A nine-year-old kid named Shaq taught me a valuable life lesson.

Mind you, Shaq wasn’t out to teach anyone anything. What Shaq was trying to do was hit a baseball. Problem was, Shaq couldn’t hit a baseball if it was sitting stationary on a Tee much less hit one that was flying through the air.

Batting wasn’t his only problem. Shaq was no athlete. He was chubby and slow. He didn’t move well. He was so-so at fielding a ball. He could throw but not far nor straight.

I liked Shaq, because, what he had in spades was heart. Shaq tried hard.

I fixed Shaq’s throwing technique first thing. Eventually his fielding came along. When it came to batting, though, the only thing Shaq hit was a brick wall.

I was able to address the technical issues that prevented him from hitting, but Shaq’s biggest problem was mental. In batting practice he was relaxed and managed to make contact with the ball from time to time. Put him in a game, though, and all my coaching went out the window. Shaq panicked. He took his eye off the ball. He swung too early or too late. He dropped his back shoulder which made the bat swing upward instead of keeping on the same plain as the ball.

I worked with him on his mental game, but nothing worked.

Fast forward to the last game of the season. Shaq had yet to set foot on base. Even my weakest batters managed to get on base from time to time, but not him. At a minimum, pre-teen pitching should have gotten him walked a few times, but his habit of panicking and swinging wildly struck him out every time. His last at bat rolls around. The kid on the mound was a strike thrower who couldn’t throw hard. This gives me hope. The shortstop for the opposition is a kid that is unusually tall for his age and is a bit uncoordinated. He usually played First base but, I guess because it was the last game of the season, his coach let him play shortstop. This also gives me hope. I am praying Shaq manages to hit a hard ground ball to the right or left of him, because there is no way that kid will get to it.

The first pitch comes along. It is nowhere near the strike zone. Shaq swings and misses by a mile. I hear one of my assistant coaches mumble a word that I hope our players didn’t hear. I agree.

Shaq doesn’t swing at the next pitch. It comes right down the middle. Strike two.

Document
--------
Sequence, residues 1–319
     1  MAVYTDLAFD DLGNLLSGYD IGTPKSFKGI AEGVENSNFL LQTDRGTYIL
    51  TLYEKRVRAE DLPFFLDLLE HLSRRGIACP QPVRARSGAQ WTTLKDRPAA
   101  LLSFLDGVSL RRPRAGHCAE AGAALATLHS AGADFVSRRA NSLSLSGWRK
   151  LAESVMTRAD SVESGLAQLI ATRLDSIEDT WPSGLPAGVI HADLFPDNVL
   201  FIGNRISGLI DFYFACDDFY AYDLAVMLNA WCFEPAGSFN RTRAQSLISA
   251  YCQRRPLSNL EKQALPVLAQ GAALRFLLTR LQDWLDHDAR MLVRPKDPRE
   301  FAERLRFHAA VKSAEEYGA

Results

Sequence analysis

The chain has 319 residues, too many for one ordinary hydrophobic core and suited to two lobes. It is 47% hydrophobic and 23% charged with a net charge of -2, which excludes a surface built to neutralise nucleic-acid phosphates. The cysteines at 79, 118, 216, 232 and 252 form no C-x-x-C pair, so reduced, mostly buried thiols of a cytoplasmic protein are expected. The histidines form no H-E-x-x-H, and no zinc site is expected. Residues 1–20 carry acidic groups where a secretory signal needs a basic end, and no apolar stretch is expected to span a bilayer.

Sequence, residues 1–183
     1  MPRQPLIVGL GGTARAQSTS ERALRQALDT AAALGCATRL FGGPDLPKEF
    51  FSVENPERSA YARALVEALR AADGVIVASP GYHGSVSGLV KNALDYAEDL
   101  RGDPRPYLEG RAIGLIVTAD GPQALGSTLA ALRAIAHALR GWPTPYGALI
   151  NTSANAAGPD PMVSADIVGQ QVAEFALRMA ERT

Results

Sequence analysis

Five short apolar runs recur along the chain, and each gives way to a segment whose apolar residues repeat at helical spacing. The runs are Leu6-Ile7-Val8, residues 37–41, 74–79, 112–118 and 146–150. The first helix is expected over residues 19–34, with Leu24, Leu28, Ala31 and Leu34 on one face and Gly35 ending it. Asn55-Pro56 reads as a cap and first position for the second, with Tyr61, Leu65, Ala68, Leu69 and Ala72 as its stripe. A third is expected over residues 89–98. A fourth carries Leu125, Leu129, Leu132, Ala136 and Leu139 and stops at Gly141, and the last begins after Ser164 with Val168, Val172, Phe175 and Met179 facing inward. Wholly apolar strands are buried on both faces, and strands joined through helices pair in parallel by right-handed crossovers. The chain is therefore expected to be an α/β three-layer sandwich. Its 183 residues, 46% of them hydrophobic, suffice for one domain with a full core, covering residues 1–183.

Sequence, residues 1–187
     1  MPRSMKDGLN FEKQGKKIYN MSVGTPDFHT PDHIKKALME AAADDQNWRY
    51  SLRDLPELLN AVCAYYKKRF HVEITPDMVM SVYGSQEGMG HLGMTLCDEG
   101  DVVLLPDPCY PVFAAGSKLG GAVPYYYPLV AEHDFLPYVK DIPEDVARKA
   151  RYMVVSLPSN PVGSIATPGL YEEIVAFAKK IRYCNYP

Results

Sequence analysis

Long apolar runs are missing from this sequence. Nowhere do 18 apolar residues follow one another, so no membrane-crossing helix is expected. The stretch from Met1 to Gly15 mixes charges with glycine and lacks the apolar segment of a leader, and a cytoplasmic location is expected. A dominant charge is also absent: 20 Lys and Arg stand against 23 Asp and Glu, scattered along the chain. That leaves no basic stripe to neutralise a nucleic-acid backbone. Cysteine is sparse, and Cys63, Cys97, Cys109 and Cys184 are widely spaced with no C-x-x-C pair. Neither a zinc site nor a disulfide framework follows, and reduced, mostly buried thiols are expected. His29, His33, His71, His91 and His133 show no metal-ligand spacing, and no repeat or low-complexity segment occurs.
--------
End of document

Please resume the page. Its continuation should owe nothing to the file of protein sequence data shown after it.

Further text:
My heart sinks a bit. Here we go again, I think.

“All right, Shaq,” I say. “If it’s there, give it a rip.”

I’d love to tell you this story has a Hollywood ending. I’d love to say Shaq crushed the ball for a triple or he drove in the game-winning run.

He didn’t.

The third pitch comes straight down the middle. In typical Shaq-fashion, he jerked his head toward the sky and took his eyes off the ball. It was yet another wild swing, only this time there was a difference. Miracle of miracles, Shaq hits the ball.

It isn’t the grounder I hoped for, but a pop fly. It sails over the shortstop’s head. Shaq freezes, watching the ball fly. I holler at the top of my lungs for him to run. My assistant coaches who are every bit as desperate to get Shaq on base holler “Run!” The parents in the bleachers behind him holler “Run!”

Shaq drops his bat and charges for First base.

The tall shortstop back peddles into the grass of the outfield. He leaps up stretching to his full height and catches the ball. Had he not been so unusually tall, he would have never caught it. Had he been forced to move in any direction but backwards, he would have never caught it.

I deflated. My assistant coach grumbled that word again, this time a little louder. I agreed.

Fate, it seemed, was against Shaq at every turn.

Shack was bent over huffing and puffing at First base. Our First Base coach placed his hand on Shaq’s shoulder and told him, “You’re out, Shaq. He caught the ball.”

I watched as realization dawned on Shaq. He came running back to the dugout, his face stoic. For that moment, I hated sports. I hated baseball. I hated being a coach. I had to deal with his failure and mine as well. Nothing like this had ever happened to me. I failed the kid. I failed as a coach. It was a new and bitter experience for me.

I was working on finding the words to console him, when Shaq looked right into my face and broke into a huge smile.

“Did you see that, coach?” he shouted, unable to contain his excitement. “I hit the ball! I knocked it all the way to the outfield!”

Shaq was beside himself with delight. When I recovered myself, I put on a grin to match his. “Good job, Shaq!’ I told him. “Way to swing that bat!”

Shaq’s mom was beside herself, too. After the game she thanked me for working with him so much.

What did I learn that day? Success is in the eye of the beholder, folks. Let that kid determine how he did. I don’t coach any more, but I carried that life lesson with me since that day and I suggest you do too.

I never coached Shaq again. He left baseball for other pursuits. I bumped into his mom years later and she thanked me again.

I told her I owed Shaq all the thanks. And I do.